"Gratifying examples of co-operation
botween tho two services nro fur
bished every dny. Officers nnd crcwB
pf tho two fleets llko each other so well
flint they 'get mad' at each other, ns
the Americans nay Just ns If they
were members of thoBnmo family.
"In courts of Inquiry both services
participate when both nro Involved.
Perhaps tho senior olllccr will be Brit-
WAITING FOR CUSTOMERS
Desplto tho presence of food admin
istrators, fuel directors, and othur ene
mies our bitter and undefeated pneiny,
JNcost of Living, holds sway In the
Hich and poor alike patronize tho
stalls of tho well-stocked markets nnd
tho products of tho near-South appear
in great abundance. Thero is no Bear
city of food here, but thero nro no de
liveries and no charge accounts. Sat
urday Is tho big market day aud no
doubt our food director . received
many of their Inspirations whllo pass
ing through thu crowded luues of the
markets, where every conceivable cdl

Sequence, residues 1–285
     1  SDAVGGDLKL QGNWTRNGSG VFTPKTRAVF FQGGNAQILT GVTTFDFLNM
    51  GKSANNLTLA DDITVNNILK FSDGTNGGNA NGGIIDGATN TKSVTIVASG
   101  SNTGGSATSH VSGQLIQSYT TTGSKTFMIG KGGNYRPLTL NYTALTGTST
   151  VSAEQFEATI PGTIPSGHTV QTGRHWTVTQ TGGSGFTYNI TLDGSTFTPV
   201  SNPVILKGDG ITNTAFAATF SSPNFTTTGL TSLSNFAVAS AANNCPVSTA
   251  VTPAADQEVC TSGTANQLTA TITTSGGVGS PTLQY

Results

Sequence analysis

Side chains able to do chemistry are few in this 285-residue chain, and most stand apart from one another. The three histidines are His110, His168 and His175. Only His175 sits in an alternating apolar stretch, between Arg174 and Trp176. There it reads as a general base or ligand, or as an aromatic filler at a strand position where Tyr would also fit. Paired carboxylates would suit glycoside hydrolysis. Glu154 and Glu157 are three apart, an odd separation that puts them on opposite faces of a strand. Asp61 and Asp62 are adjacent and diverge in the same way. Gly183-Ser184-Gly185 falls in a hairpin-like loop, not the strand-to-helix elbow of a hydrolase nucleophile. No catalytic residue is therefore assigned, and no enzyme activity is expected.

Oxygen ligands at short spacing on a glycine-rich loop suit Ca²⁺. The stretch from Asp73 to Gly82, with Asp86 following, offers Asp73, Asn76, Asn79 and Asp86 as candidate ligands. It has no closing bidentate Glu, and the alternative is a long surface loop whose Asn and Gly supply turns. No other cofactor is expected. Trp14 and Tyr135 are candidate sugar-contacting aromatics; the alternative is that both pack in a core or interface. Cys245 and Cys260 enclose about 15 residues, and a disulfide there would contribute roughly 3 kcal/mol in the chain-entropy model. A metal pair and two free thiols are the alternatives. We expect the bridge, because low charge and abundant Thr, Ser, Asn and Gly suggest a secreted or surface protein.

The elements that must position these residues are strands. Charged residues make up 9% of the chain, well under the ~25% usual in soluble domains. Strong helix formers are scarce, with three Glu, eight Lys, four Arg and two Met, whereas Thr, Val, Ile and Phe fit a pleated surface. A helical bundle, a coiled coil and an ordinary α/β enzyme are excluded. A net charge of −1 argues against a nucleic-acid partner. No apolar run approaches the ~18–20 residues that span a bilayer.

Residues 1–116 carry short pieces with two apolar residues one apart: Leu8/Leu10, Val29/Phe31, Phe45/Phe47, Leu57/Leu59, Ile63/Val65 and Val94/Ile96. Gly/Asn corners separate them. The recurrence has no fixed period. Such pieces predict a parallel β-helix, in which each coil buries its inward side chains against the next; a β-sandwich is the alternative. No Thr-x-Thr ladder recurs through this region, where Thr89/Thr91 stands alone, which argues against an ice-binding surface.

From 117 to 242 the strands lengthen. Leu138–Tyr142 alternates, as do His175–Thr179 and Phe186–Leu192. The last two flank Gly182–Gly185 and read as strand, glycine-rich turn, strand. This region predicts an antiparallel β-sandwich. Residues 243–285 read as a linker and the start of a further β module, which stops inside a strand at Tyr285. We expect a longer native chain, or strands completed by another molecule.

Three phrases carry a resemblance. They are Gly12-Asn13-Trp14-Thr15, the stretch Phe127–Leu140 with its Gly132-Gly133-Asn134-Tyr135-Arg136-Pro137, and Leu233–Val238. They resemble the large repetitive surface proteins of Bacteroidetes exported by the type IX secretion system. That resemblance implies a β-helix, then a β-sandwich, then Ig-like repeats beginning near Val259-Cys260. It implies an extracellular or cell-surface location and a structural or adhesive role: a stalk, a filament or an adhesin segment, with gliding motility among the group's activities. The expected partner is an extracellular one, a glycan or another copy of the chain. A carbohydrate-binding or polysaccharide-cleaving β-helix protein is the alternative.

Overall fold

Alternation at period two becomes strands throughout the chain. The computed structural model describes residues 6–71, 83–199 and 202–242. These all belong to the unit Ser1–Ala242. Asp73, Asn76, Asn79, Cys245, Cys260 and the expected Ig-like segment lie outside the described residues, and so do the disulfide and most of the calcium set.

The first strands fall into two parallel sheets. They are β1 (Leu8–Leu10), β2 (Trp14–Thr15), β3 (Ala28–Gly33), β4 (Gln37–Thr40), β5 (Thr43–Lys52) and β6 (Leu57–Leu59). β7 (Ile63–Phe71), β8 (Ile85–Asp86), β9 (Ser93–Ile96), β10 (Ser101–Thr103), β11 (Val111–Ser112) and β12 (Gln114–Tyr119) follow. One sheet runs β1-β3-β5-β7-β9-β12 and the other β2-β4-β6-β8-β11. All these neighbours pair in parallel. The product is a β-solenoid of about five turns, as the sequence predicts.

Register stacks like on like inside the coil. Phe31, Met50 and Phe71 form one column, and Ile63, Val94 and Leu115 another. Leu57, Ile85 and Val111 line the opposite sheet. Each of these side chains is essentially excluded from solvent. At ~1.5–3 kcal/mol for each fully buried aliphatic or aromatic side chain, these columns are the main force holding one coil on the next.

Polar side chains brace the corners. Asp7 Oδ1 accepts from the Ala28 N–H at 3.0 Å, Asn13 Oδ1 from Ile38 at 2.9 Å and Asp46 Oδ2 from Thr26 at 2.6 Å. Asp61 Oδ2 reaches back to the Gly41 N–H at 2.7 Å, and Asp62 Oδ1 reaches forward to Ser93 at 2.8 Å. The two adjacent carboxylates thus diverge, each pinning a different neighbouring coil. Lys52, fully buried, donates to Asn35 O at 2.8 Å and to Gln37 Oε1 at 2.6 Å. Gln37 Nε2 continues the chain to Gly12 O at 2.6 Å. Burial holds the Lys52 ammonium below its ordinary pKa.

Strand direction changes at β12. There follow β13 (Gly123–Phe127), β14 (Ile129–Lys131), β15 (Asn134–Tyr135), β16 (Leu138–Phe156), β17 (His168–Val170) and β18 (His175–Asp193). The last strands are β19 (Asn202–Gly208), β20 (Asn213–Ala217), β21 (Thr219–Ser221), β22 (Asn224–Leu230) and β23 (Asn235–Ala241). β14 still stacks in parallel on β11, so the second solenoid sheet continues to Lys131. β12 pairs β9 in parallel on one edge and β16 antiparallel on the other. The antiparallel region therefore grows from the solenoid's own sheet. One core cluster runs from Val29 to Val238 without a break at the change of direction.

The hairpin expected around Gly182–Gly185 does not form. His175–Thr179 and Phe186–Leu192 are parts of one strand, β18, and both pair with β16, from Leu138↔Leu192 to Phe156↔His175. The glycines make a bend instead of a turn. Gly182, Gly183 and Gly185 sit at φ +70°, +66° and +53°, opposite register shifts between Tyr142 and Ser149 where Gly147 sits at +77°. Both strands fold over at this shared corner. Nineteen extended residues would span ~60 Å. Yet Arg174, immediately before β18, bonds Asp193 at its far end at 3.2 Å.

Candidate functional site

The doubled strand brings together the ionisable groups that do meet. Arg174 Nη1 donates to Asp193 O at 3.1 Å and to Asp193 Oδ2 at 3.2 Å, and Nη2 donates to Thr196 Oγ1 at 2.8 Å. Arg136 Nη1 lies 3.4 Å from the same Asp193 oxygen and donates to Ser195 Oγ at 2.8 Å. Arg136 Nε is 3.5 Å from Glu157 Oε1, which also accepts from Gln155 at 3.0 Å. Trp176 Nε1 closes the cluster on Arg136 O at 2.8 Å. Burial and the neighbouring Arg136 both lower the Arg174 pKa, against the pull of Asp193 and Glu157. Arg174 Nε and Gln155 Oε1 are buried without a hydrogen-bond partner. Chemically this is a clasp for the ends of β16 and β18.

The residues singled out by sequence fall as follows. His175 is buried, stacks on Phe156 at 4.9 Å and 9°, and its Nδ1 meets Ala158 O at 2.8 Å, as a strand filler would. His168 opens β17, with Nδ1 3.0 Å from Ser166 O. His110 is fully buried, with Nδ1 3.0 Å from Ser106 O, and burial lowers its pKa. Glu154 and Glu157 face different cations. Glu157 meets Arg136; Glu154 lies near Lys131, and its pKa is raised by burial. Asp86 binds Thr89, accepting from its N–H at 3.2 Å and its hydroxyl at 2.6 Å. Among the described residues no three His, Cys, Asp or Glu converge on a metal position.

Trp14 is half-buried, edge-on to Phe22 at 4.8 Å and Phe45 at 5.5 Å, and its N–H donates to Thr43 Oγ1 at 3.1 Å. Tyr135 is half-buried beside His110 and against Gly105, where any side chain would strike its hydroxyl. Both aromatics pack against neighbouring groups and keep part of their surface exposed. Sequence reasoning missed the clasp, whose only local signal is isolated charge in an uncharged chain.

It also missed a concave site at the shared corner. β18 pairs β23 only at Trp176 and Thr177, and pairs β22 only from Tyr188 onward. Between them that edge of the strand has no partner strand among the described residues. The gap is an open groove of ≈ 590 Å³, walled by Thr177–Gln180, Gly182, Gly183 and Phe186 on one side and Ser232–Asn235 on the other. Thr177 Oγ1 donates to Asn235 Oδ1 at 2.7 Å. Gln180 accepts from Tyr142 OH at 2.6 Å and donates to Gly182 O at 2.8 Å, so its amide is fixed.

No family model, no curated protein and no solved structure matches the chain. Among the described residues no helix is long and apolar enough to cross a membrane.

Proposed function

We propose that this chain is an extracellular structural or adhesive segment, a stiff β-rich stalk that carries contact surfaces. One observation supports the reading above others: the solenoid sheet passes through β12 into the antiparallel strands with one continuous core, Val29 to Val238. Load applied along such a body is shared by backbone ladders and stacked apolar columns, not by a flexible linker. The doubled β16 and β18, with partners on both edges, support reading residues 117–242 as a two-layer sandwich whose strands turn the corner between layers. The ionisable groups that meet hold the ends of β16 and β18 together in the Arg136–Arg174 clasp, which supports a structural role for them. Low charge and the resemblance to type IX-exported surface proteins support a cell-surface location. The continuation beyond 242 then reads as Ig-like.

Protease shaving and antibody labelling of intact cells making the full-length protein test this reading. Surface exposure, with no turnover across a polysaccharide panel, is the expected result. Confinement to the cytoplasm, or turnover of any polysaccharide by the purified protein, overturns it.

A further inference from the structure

bio is offered for sale.
MAKE REAL CITIZENS
Americanizing America Feature
of D. A. R. War Work.
Calls on Women to Make All-Amerlcan
City or Town of Place Where
A now opportunity forwmen to
help in tho wnr Is offered i)ytho Nn
tlonal Society of the Daughters of the
American Revolution, through their
war relief committee,- of which Mrs,
Matthow T. Scott Is chairman. It Is
Mmdlng out n call to the women of tho
country to make nn all-Amcrlcnn city
or town of tho nlnco in which tlioy
live. It nnks enlistment for this spe
cial scrvlco which yorks directly with
tho unusslmllntcd immigrant, Ignorant
ef or Indifferent to America's history,
customs nnd luws, unpledged to sup
port our ling, rearing n family with un
American vlowi of life nnd rending